POLITICS

Korea At A Flashpoint: Greatest Risk Of Conflict In 64 Years, Turnbull Says

Malcolm Turnbull says Kim Jong-un is evil.

04/09/2017 9:09 AM AEST | Updated 04/09/2017 9:09 AM AEST
Andrew Meares/Fairfax
Malcolm Turnbull: "The risk of war on the Korean Peninsula is greater than it has been for over 60 years."

CANBERRA -- Prime Minister Malcolm Turnbull has assessed the threat of conflict on the Korean Peninsula as at its greatest since hostilities ended in the Korean War 64 years ago.

No peace treaty was ever signed in 1953 and the two Koreas are technically still at war, but North Korea's sixth and most powerful nuclear test and the boast of a missile-ready nuclear weapon is testing the international community.

U.S. President Donald Trump has described Sunday's hydrogen bomb test as a "hostile and dangerous" move, while Australia's Foreign Minister Julie Bishop has described it as illegal, a "serious escalation" and "exponentially more powerful than previous tests".

The United States is threatening a "massive military response" as well as cutting ties with any country doing business with Pyongyang.

Australia's Prime Minister has declared the Korean Peninsula has been taken to the brink and is again urging China to do more, while agreeing with former Prime Minister John Howard's description of North Korean leader Kim Jong-un as "evil" and heading a "dangerous, provocative and illegal" regime.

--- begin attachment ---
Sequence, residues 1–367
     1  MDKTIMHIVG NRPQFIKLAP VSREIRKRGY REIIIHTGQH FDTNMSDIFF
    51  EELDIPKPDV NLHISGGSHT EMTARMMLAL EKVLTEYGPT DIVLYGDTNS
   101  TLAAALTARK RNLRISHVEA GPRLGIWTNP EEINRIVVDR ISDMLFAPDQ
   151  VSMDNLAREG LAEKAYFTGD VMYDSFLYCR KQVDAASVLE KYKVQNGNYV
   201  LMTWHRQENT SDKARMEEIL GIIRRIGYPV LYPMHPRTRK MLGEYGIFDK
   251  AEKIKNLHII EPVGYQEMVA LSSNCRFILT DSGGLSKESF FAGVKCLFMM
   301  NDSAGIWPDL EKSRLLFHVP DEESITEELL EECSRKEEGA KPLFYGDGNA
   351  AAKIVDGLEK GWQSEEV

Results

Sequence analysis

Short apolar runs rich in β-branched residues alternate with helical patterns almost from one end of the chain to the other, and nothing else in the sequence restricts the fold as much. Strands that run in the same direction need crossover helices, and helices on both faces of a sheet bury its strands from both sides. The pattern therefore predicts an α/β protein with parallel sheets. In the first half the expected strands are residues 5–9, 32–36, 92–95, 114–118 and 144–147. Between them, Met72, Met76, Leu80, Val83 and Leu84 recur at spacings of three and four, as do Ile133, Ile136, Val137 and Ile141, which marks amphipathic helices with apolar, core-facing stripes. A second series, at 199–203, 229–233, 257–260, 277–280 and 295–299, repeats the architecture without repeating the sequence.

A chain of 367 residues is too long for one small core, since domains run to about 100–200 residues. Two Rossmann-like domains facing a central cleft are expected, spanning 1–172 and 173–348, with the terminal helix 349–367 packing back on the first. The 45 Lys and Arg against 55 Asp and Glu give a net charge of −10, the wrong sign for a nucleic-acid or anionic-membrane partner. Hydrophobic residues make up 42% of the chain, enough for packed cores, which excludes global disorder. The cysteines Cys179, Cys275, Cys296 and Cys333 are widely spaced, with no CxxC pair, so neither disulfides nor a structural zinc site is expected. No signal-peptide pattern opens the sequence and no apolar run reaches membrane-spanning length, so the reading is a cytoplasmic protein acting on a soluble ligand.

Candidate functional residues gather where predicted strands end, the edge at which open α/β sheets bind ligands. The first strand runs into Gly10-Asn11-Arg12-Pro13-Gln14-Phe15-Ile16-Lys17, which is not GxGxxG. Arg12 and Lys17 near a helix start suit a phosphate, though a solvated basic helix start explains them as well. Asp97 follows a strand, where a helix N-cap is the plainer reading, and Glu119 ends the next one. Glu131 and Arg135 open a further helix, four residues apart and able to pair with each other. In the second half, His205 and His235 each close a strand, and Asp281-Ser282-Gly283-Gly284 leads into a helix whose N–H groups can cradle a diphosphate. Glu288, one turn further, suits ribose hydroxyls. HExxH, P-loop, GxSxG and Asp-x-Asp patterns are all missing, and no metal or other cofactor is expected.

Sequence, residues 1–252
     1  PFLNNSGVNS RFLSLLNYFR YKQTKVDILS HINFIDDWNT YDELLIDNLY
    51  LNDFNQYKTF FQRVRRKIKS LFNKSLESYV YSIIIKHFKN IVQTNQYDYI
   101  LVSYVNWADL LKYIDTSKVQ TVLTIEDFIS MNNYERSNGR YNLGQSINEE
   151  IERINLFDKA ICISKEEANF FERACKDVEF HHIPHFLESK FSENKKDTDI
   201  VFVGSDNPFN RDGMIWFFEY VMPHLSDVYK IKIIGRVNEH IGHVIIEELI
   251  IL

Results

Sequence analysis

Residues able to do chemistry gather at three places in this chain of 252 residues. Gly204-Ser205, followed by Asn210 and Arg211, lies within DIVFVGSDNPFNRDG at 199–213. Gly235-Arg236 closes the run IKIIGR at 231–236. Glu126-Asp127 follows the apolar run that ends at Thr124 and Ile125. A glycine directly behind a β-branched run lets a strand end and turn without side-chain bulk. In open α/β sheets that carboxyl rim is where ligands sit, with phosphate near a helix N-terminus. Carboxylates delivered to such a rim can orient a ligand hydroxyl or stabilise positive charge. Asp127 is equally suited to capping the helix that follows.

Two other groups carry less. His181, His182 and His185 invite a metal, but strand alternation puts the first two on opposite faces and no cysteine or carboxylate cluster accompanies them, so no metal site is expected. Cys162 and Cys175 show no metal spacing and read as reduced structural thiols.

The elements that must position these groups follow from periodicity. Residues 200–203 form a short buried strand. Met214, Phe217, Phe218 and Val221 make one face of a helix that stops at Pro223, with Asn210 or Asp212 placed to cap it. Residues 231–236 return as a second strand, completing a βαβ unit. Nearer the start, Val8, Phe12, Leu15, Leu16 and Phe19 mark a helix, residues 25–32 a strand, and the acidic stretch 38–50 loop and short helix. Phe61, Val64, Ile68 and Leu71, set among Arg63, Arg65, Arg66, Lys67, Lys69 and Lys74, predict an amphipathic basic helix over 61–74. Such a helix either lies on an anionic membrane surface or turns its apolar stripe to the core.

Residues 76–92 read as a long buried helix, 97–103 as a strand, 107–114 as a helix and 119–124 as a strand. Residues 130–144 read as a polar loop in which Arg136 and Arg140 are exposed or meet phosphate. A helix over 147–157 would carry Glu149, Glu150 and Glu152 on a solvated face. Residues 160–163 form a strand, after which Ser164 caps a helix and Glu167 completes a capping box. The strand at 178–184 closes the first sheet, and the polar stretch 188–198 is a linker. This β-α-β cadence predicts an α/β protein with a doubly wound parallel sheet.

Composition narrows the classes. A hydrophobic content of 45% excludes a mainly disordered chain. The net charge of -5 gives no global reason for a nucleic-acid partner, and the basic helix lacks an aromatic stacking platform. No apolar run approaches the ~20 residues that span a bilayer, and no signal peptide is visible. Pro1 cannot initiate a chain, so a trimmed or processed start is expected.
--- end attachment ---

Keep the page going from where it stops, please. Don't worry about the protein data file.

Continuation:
"The risk of war on the Korean Peninsula is greater than it has been for over 60 years," he told reporters in Canberra.

"Conflict on the Korean Peninsula would be a disaster for the region and for the world.

"The time has come for China to take the responsibility, to respond to this affront with strong action that brings this regime to its senses."

The UN Security Council will meet on Monday to decide its response at the request of several countries -- the U.S, Japan, Britain, France and South Korea.

Turnbull has again suggested China could cut off North Korea's oil supply.

"That absolutely would be a lever that China could pull and that would put enormous economic pressure on the regime," the Prime Minister told the ABC Radio's AM program on Monday.

When asked if Kim Jong-un was "evil," Turnbull responded, "Yes. I don't think there is any doubt about that".

"This is a person that routinely assassinates members of his own family, other people, other would-be threats into the regime.

"It is a cruel and evil dictatorship and he starves his own people. Look, this is a shocking, dangerous, provocative, illegal regime that is threatening the peace and security of the region and the world, and is advancing nobody's interests other than the maintenance of that one family's dictatorship of North Korea."

China's foreign ministry has been pushing back at calls from Western countries and Japan for China to do more. State-run newspaper, The Global Times, has also attacked British and Australian leaders focusing on China.

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